Tuesday, March 22, 2005

His Dark Materials Part 2

So last week Ali and I went to see the first part of the National Theatre's adaptation of Phillip Pullman's "His Dark Materials" trilogy of books. Ali unfortunately could not make Part 2 because she was not very well. So I invited my best mate Matt to use the unfortunately spare ticket. Here he is enjoying a glass of wine outside on the balcony at the half time interval.

Don't tell Ali that we enjoyed it though, I lied and said that it was rubbish to make her feel better about missing it. But in truth I have never seen such a spectacular production. Apparently it cost nearly a million pounds to stage the play and it really showed. The stage itself was unbelievable - there were over 60 different sets and without exception they were perfect. From Oxford University through to the Land of The Dead, the South Pole through to the palace of Armoured Bears. Simply stunning. And don't think that this was all done with simple effects and "suspension of disbelief". The stage moved up and down to reveal other sets and then split in half to reveal a screen showing virtual settings. In fact I'm told that the staging is so complicated that this production will never be able to be performed in any theatre than the Olivier because of it's unique capabilities. Simply stunning. Everyone with a love of theatre must see this play.

Update: You may quite rightly be thinking, who cares about the stage - aren't plays about the actors? Well it is a tribute to the production that the amazing sets did not overshadow a magnificent company of actors. From the principals Lyra and Will, the major supporting parts Lord Azriel and Mrs Coulter through to the whole cast, they were exceptional. The principals had a difficult task in that anyone who has read the books will have their own ideas of what these characters should have looked and sounded like - but it was uncanny - they all seemed so right. Perhaps this had something to do with Phillip Pullman, the author of the novels being so closely involved in the production? But when you consider the challenge of portraying things like all the character's daemons you realise what a good job has been done in bringing this to the stage.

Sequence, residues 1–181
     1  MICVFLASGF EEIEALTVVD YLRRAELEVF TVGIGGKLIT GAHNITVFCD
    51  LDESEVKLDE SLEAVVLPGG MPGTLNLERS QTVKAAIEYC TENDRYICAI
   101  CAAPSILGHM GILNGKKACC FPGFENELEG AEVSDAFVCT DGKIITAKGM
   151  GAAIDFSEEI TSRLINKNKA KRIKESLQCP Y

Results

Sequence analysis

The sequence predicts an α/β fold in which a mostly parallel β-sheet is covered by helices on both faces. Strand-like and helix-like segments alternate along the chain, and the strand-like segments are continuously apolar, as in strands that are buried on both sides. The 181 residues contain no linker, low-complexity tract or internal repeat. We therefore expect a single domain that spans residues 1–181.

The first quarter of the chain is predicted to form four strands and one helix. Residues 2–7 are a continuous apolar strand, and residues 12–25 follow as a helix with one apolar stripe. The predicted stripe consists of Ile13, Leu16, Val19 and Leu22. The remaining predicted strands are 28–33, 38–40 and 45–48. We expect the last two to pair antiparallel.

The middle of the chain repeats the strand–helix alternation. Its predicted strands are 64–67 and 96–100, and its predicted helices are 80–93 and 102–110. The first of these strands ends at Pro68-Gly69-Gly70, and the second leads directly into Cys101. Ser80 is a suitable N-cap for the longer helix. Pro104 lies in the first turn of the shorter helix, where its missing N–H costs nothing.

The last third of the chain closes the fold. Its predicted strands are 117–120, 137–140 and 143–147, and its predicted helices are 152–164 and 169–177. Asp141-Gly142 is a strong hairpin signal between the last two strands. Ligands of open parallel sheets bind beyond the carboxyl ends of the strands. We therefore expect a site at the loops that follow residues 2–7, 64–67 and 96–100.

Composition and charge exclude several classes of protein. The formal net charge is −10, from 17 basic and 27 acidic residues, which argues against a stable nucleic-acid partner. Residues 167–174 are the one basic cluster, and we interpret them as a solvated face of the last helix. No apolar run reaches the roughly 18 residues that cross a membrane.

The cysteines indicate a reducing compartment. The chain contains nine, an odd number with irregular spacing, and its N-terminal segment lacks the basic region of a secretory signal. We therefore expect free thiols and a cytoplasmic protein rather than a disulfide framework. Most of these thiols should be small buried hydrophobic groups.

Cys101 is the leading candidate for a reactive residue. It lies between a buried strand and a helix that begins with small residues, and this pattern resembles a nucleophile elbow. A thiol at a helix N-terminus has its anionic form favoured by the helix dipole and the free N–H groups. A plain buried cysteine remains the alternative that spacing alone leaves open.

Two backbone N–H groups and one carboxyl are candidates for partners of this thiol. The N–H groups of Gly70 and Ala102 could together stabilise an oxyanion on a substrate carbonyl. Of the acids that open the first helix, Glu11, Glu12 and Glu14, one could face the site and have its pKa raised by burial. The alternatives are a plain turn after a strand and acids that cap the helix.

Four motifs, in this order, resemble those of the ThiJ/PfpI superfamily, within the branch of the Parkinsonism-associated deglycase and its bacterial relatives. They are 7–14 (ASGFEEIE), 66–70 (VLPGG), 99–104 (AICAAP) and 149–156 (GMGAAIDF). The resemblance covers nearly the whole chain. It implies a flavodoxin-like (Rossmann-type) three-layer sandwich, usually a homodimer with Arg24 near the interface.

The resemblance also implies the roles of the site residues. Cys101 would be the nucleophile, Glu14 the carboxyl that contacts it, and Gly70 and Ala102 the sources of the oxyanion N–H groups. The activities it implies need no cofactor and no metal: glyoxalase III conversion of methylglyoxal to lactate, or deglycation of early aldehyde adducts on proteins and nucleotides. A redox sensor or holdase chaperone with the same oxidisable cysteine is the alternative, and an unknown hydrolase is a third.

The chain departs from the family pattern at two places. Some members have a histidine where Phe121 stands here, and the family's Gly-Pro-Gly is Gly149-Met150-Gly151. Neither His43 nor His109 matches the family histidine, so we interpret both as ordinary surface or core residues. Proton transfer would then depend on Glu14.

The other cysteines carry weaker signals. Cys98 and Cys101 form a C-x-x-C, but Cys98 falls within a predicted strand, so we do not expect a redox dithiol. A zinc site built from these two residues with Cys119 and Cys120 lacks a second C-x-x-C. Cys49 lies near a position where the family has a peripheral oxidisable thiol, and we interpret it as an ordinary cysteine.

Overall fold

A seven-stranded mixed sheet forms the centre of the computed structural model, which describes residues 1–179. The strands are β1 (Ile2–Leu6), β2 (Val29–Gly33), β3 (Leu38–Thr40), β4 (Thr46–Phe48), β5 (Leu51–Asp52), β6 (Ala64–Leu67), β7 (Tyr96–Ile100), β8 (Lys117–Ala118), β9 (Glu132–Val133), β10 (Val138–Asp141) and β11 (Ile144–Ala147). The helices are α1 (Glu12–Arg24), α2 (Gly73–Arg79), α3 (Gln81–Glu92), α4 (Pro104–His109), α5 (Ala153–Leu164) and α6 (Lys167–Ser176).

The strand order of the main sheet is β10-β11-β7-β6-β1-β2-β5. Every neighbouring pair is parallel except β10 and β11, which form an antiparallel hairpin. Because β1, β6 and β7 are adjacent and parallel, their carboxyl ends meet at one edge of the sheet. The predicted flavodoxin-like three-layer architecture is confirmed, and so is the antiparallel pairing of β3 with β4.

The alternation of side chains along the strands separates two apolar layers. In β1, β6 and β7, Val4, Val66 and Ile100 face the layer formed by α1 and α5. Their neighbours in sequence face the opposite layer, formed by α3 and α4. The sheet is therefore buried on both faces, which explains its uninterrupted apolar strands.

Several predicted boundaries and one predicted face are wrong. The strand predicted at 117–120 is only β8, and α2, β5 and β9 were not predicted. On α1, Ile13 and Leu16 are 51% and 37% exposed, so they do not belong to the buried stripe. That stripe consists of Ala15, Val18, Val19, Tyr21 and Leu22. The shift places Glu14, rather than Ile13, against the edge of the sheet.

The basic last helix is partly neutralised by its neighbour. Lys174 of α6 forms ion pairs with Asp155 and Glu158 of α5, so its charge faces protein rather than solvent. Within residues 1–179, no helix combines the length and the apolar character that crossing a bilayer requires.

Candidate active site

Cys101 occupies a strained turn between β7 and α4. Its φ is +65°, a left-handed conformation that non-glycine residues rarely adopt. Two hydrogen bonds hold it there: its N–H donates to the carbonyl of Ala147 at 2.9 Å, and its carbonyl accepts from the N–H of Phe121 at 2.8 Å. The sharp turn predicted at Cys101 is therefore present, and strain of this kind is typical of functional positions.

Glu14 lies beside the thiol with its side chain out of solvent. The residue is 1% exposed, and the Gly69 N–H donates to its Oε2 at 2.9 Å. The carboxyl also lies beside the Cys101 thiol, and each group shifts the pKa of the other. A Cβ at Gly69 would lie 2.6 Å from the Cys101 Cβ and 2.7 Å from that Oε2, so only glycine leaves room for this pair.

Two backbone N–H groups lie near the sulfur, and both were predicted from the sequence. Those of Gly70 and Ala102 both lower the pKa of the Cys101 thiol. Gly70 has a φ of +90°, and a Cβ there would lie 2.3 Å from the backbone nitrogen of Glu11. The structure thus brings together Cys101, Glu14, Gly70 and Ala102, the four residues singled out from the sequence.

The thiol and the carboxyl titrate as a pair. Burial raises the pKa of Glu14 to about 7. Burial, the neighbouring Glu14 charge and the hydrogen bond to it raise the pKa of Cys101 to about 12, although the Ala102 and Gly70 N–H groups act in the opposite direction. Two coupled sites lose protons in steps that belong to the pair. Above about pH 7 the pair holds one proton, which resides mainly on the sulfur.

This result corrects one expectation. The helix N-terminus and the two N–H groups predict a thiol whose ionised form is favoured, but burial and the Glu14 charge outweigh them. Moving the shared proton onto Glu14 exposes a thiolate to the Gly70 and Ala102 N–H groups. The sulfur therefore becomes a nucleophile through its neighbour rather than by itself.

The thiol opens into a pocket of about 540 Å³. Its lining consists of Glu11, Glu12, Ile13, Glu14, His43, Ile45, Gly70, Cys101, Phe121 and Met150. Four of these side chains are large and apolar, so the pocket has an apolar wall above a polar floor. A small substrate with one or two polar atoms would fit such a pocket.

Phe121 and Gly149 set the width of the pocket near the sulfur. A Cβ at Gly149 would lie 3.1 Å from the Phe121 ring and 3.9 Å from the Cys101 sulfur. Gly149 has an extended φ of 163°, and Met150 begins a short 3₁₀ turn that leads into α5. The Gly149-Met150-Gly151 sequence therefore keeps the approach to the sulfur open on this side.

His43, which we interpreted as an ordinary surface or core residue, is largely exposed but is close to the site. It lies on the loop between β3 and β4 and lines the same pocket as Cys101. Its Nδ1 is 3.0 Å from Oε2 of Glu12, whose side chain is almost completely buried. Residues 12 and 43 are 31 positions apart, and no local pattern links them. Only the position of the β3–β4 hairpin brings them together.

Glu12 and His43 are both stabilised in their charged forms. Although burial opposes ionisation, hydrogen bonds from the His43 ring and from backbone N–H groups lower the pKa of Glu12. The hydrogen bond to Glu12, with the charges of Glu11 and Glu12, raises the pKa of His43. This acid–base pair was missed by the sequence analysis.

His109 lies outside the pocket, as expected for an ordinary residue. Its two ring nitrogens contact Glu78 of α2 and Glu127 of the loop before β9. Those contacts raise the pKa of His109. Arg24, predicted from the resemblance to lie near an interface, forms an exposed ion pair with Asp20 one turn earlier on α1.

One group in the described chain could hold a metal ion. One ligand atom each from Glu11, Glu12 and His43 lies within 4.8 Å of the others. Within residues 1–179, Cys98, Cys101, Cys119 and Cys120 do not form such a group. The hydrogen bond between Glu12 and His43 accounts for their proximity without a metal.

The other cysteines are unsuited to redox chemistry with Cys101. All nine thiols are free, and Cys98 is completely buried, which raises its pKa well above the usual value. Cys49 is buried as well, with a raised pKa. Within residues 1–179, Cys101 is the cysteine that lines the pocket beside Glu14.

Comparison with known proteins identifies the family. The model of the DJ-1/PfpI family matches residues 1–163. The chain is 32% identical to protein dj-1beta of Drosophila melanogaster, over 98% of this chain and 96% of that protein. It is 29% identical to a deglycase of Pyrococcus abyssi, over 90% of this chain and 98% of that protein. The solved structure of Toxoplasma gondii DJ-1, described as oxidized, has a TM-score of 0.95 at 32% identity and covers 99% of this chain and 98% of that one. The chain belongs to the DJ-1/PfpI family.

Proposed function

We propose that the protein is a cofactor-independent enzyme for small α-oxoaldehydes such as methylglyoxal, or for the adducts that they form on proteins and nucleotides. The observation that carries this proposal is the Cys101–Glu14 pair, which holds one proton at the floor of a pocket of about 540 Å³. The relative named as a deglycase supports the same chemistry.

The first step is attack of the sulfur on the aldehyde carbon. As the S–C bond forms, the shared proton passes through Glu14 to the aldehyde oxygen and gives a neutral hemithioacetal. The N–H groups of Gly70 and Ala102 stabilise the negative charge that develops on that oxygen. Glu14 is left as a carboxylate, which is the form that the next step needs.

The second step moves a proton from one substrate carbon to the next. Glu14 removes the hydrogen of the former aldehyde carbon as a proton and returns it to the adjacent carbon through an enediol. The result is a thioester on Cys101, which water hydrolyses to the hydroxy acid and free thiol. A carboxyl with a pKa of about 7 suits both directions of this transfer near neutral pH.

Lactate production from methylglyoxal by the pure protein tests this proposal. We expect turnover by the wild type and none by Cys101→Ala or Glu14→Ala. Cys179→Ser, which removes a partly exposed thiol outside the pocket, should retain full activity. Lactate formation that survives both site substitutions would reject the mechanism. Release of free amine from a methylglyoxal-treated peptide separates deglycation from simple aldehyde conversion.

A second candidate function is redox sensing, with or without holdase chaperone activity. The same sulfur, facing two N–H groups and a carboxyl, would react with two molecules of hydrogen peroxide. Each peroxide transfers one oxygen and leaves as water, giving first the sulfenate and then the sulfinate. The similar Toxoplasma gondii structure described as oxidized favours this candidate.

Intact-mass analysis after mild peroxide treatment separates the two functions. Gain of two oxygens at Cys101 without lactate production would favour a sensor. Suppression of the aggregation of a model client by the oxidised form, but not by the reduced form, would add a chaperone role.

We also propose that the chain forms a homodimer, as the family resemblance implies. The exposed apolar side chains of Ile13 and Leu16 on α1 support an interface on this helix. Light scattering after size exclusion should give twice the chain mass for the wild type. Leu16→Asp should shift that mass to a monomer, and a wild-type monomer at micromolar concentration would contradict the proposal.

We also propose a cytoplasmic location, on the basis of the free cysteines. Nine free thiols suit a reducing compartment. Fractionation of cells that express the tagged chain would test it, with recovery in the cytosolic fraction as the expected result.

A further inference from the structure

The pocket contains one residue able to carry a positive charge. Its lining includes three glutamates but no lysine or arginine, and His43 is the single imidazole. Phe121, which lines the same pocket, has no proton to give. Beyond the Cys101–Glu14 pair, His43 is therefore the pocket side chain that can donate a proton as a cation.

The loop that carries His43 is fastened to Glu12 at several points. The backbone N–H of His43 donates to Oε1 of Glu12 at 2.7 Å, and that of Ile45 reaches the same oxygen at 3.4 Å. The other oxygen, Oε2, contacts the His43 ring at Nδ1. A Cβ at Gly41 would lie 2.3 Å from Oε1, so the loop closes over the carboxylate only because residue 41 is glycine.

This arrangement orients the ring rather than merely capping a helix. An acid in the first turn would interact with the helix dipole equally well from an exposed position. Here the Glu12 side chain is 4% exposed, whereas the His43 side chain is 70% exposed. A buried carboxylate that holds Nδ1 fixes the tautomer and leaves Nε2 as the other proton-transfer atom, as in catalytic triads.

If you haven't read the books this probably won't mean that much to you, so I would implore you to read them. They are truly magnificent (think Harry Potter with a brain and some substance). But once you have read them, rush down to the Olivier Theatre and book tickets. You won't be disappointed (unless you can't get a ticket I suppose). Special praise must go to the two camp/gay angels - read the books and then see the play and you'll see what I mean.

No comments: